Cost and turn-around time display decreases inpatient ordering of reference laboratory tests: a time series
BMJ QUALITY & SAFETY
2014; 23 (12): 994-1000
Reference tests, also known as send-out tests, are commonly ordered laboratory tests with variable costs and turn-around times. We aim to examine the effects of displaying reference laboratory costs and turn-around times during computerised physician order entry (CPOE) on inpatient physician ordering behaviour.We conducted a prospective observational study at a tertiary care hospital involving inpatient attending physicians and residents. Physician ordering behaviour was prospectively observed between September 2010 and December 2012. An intervention was implemented to display cost and turn-around time for reference tests within our CPOE. We examined changes in the mean number of monthly physician orders per inpatient day at risk, the mean cost per order, and the average turn-around time per order.After our intervention, the mean number of monthly physician orders per inpatient day at risk decreased by 26% (51 vs 38, p<0.0001) with a decrease in mean cost per order (US$146.50 vs US$134.20, p=0.0004). There were no significant differences in mean turn-around time per order (5.6 vs 5.7 days, p=0.057). A stratified analysis of both cost and turn-around time showed significant decreases in physician ordering. The intervention projected a mean annual savings of US$330 439. Reference test cost and turn-around time variables were poorly correlated (r=0.2). These findings occurred in the setting of non-significant change to physician ordering in a control cohort of non-reference laboratory tests.Display of reference laboratory cost and turn-around time data during real-time ordering may result in significant decreases in ordering of reference laboratory tests with subsequent cost savings.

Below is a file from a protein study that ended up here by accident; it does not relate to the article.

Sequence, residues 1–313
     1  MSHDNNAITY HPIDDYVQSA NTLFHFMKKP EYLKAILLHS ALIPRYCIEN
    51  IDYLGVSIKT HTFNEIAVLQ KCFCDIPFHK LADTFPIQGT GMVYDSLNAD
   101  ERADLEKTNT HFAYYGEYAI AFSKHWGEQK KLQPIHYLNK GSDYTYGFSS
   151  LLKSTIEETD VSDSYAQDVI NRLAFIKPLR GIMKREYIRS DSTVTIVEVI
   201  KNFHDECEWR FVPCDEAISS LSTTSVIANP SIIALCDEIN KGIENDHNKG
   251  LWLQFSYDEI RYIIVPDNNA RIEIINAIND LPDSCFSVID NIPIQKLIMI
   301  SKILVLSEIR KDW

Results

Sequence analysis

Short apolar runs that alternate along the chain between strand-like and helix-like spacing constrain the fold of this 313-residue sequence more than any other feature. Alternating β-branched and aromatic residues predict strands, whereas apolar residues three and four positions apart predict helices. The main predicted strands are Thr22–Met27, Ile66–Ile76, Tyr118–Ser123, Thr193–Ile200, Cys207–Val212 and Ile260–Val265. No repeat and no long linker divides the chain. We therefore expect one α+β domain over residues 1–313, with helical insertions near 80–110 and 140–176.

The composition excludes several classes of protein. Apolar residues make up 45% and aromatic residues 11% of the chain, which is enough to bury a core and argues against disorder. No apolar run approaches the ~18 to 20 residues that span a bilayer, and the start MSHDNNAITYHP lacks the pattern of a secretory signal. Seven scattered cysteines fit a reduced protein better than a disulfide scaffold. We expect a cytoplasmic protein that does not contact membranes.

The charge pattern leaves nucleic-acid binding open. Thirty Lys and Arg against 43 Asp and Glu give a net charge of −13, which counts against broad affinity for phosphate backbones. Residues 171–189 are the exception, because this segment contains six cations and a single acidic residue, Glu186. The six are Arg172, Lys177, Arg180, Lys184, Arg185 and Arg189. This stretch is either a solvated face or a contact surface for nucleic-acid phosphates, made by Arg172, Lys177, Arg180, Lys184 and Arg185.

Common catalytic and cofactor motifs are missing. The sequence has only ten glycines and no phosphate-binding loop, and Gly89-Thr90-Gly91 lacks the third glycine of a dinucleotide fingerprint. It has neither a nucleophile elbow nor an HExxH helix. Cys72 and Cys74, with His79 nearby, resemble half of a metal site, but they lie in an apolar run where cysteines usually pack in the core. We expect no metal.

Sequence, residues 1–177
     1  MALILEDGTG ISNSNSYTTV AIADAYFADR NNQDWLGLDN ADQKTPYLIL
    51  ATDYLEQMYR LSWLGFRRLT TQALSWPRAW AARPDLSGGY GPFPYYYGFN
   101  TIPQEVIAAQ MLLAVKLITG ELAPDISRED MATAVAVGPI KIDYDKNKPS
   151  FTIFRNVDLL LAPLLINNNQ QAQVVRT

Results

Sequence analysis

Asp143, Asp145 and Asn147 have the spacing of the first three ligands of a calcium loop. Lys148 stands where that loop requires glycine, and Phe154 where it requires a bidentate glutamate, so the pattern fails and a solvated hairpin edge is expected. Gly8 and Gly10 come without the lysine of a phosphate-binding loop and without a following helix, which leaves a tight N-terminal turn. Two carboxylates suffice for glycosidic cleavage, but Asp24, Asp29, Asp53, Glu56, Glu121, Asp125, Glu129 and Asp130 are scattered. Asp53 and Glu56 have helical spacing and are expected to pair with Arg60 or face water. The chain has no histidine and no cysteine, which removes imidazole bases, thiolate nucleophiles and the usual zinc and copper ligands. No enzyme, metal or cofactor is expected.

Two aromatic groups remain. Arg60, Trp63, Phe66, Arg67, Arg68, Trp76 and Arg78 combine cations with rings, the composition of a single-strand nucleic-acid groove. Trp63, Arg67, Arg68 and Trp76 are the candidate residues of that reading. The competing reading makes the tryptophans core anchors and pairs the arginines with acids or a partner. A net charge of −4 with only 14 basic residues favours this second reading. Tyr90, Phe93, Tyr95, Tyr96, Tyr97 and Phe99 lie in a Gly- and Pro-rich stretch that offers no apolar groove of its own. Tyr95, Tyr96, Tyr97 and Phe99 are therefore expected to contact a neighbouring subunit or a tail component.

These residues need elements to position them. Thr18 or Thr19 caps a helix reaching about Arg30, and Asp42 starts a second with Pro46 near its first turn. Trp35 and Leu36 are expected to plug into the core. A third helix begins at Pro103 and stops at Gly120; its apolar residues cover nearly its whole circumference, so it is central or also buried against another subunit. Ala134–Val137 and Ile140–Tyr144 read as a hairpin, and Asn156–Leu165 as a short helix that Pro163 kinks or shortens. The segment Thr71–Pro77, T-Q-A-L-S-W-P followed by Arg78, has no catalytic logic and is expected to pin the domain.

View details for DOI 10.1136/bmjqs-2014-003053
View details for Web of Science ID 000345318300009